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All You Need to Know about Infectious Mononucleosis

Updated on July 14, 2012

HLA B*0801 complexed Epstein Barr Virus peptide

3 weeks ago, I started feeling the symptoms of tonsillitis. Being an ideal candidate for tonsillitis as my tonsils are fissured, I went to the doctor. And sure enough, I was diagnosed with tonsilities. I took amoxicillin for one week. I started feeling better after a while but a week after I had stopped taking the antibiotics, I started feeling the same symptoms again and this time I felt weaker than before. I went to another doctor who prescribed me amoxillin once again. I went through the same as before and one week after I had stopped taking the antibiotics, I started feeling miserable again. And yet, I thought as I was working so much and feeling stressed, I had become resistant against the antibiotics. I went to a third doctor who prescribed me a different type of antibiotics. It didn't help. I was becoming really tired of being sick, so I decided to see an otorhinolaryngologist. She asked me if I had had mononucleosis as a child. As I live in Argentina, I had no idea what she was talking about as she told me the name of the disease in Spanish. I told her I don't know. I was sent to the hospital for some blood tests. And finally, I found out that I had infectious mononucleosis. I was really interested in finding out about this disease that had cost me my entire strength and now I can share this information with you.

What is mononucleosis?

Infectious mononucleosis, also known as the “kissing disease” or simply “mono”, is a viral infection caused by the Epstein-Barr virus which is transmitted through saliva and mucus. The virus belongs to the herpes virus family. As mono is transmitted through saliva, it can spread through kissing or by coughing and sneezing through which small drops of infected saliva can be inhaled by other people. In the US, 95% of adults between 35 and 40 years old were found to have antibodies against mono. This shows that most people have been infected by the virus at some point in their lives. If children are infected by the virus, they usually don’t experience any symptoms. Adults are usually immune against the disease due to a prior infection and the building up of antibodies in their bodies. The most affected group thus consists of people between 15 and 24 years old.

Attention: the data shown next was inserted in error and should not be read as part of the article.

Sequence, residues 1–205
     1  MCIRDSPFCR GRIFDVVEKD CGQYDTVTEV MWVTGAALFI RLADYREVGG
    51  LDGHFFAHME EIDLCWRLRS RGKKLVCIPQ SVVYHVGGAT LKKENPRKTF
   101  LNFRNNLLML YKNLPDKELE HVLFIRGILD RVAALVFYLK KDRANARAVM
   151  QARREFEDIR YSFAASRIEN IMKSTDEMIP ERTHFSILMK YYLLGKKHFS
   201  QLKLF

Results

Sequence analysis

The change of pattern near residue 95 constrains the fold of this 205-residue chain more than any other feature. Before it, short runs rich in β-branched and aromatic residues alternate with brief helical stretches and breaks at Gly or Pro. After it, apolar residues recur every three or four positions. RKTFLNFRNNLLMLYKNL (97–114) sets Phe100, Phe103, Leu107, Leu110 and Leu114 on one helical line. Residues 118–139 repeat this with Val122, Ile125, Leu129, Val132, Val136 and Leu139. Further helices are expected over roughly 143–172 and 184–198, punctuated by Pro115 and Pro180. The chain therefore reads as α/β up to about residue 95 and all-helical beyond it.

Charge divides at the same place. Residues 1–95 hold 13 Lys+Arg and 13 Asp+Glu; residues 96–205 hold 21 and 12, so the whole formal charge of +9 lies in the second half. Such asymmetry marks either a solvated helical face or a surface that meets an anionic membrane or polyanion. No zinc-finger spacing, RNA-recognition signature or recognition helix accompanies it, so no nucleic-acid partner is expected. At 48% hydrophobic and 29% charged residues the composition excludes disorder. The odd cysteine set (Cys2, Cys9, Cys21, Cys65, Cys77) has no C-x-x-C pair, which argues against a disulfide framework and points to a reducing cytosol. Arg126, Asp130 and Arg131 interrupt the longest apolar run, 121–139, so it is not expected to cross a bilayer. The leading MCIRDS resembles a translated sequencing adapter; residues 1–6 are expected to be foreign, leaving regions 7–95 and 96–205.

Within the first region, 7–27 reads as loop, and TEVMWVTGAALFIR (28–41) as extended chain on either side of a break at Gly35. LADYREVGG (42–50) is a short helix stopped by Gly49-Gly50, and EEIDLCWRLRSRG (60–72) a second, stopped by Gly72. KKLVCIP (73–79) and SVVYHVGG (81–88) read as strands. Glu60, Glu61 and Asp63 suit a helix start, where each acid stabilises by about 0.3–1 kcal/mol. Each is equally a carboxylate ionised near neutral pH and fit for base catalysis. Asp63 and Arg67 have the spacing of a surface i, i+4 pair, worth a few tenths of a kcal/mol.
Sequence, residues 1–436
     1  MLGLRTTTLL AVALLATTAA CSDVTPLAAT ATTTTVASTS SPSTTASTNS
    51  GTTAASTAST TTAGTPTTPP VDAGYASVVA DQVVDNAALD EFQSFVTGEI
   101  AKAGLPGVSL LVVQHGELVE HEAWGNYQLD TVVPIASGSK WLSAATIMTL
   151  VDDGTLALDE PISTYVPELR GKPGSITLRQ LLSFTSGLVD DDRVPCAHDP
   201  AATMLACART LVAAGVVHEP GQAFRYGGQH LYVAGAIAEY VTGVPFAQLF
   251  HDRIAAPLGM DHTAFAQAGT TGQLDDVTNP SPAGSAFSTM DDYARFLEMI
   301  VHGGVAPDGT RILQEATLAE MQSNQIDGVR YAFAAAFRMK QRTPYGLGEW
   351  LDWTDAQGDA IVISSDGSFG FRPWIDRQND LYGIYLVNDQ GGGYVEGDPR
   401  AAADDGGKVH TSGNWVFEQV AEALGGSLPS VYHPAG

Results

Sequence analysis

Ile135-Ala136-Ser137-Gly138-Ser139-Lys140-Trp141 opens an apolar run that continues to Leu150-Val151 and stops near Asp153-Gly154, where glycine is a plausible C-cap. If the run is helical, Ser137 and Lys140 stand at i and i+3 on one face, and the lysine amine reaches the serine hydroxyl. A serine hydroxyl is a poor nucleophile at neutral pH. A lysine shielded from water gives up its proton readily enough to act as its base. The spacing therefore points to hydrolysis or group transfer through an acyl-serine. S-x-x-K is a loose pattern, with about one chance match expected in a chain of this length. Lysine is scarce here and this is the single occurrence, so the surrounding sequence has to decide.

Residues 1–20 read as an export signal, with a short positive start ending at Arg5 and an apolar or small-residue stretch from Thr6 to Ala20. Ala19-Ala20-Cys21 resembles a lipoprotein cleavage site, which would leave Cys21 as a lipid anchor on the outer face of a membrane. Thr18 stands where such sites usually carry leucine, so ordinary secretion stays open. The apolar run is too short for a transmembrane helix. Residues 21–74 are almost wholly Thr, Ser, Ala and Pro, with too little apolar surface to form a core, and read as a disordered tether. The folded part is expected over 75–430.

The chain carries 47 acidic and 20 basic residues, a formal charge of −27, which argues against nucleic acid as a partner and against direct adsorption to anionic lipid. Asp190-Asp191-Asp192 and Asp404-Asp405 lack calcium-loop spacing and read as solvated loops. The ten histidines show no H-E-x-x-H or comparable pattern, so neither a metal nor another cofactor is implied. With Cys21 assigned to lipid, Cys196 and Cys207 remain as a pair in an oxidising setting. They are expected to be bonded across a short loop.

What are the symptoms of mononucleosis?

Often children and teenagers are infected by it and their symptoms tend to be rather mild. Symptoms set in 4 to 6 weeks after the transmission of the virus. Mononucleosis leads to extreme fatigue and weakness, a severe sore throat, swollen glands and tonsils, fever, chills, aches, a loss of appetite, night sweats, as well as nausea resulting from a swollen spleen or liver caused by mono. You might see white patches at the back of the throat of a person infected with mono.


A swollen spleen can lead to its rupture in extreme cases which leads to a sharp, sudden pain in the left side of your abdomen. In this case, you might be requiring surgery which is why you need to consult a doctor immediately.